Solstice Practice

This post was originally  displayed on SageWoman’s channel, on my blog DruidHeart at Witches & Pagans.

Around the winter solstice is the time of year when many people get together, families and friends, to celebrate the holidays. If we are fortunate, we have some time off to be together, all together in one place – we may not have such an opportunity until the next solstice season rolls around. It can be a wonderful time of loving hugs, good conversation and deep, belly filled laughs. It can also be a trying time, when the bonds of friendship or family can become tested as we are all thrown together, our usual routines and habits left behind and we are faced with situations that are perhaps out of the norm.

My home is usually very quiet, filled with deep silence and stillness. In that silence I find my personal sanctuary, where peace is around every corner. I’m not a big fan of crowds or noise. However, at this time of year, I leave behind my little sanctuary and venture out into the world of lights and noise, family and friends when I’d really rather be sitting on my meditation cushion in the dark, with a candle and some incense.

It’s quite a shift to deal with. There is constant noise around me, different noise to that of my own home. It’s the noise of other people, which I am not accustomed to. Loud televisions, conversations, arguments, laughter – it’s a bit of an assault on my senses. Dealing with other people’s behaviour when there is no opportunity to “escape”. I have to confront everything that upsets me head on, or lose my temper, say something in anger as my “sanctuary” is thrown out the window.

Or is it? Yes, it’s difficult. Even as I type this blog, there are interruptions by people walking in and out of the room, asking me what I’m doing and other various questions. Nemetona, my goddess of sanctuary, has taught me that she is ever within me even as she is without – I take her with me wherever I go, and where I go she is always there.

In my Zen practice, this time of year provides me with innumerable ways to really practice. Life becomes difficult when things don’t go our way. When we realise this, and when we see that life is simply going ahead whether we like it or not, things can become easier. I have to deal with behaviour that I don’t like – this gives me a chance to practice and to try to understand that person’s behaviour. Often I can see myself reflected in it, or see that they are lost in their own suffering. I can try to ease that, when I remember to try to understand it. When it just pisses me off, I’m not trying to understand, and anger can erupt. When this occurs, I realise that I am not practicing very well, that I am not aware of my own reactions and behaviour. It’s a constant reminder to look deeply at myself, to see my patterns and to alter them in order to have peace and harmony both within and without. My goddess and my Zen practice help me with this understanding.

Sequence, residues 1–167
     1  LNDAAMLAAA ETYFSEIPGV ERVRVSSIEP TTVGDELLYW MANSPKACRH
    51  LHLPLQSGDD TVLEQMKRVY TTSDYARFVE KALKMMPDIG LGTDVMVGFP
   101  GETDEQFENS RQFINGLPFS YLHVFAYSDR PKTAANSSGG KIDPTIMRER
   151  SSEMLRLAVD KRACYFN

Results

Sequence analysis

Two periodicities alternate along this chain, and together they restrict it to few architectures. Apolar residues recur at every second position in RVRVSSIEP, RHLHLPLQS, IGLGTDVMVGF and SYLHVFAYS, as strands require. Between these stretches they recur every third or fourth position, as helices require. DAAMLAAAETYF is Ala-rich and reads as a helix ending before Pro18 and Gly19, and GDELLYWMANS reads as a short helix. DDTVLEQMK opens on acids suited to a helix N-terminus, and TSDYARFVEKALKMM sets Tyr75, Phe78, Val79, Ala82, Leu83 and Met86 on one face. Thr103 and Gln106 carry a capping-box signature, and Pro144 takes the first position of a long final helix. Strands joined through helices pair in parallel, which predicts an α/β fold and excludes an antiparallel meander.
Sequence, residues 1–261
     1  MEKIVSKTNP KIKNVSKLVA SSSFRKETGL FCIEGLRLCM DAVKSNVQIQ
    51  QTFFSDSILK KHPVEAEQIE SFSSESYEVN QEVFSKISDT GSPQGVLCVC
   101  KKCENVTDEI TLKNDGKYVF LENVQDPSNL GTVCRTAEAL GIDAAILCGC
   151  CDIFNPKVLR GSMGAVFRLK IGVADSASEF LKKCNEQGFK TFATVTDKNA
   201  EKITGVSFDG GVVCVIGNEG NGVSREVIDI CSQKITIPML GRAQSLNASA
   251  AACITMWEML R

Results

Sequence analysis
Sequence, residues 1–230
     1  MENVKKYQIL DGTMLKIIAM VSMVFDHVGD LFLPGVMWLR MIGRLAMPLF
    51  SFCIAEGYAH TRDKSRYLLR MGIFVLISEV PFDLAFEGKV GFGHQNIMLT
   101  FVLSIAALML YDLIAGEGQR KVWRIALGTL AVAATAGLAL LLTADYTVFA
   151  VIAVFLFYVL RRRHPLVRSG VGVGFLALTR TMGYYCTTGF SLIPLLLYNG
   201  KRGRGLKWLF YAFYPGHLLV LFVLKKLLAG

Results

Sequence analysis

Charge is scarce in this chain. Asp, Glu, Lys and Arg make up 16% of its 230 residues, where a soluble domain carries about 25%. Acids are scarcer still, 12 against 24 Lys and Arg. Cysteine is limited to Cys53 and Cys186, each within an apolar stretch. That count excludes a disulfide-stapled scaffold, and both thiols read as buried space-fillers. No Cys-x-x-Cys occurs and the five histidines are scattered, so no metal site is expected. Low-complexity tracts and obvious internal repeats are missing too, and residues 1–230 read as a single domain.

I have two choices when I find myself in difficult circumstances – get upset or not get upset. When people are shouting in the kitchen, or using words unkindly, or their behaviour is totally out of sync with creating harmony, I feel a tightness, a contraction within my body. Getting upset with this only tightens that contraction even further, making me miserable, or lashing out in anger in a misguided attempt to alleviate the tightness within. Seeing people mistreat each other, taking each other for granted – all of these things can cause contractions within. Passive/aggressive behaviour, words that are intented to provoke, noise levels louder than they need to be – all these things cause a contraction within my body. I want to loosen that contraction, but how?

Sitting and walking meditation practice, daily, really help me through this challenging time. By sitting, I am aware of my body, and aware of my thoughts. I see patterns in my behaviour. I see the self that is screaming for attention, for comfort, for sanctuary. I also then see the illusion of the separate self, and the inter-connectedness of all things. We are all dependent on everything else – the sunlight, the rain, our parents, the air, food. Without any of these things we could not exist. We are in them and they are in us.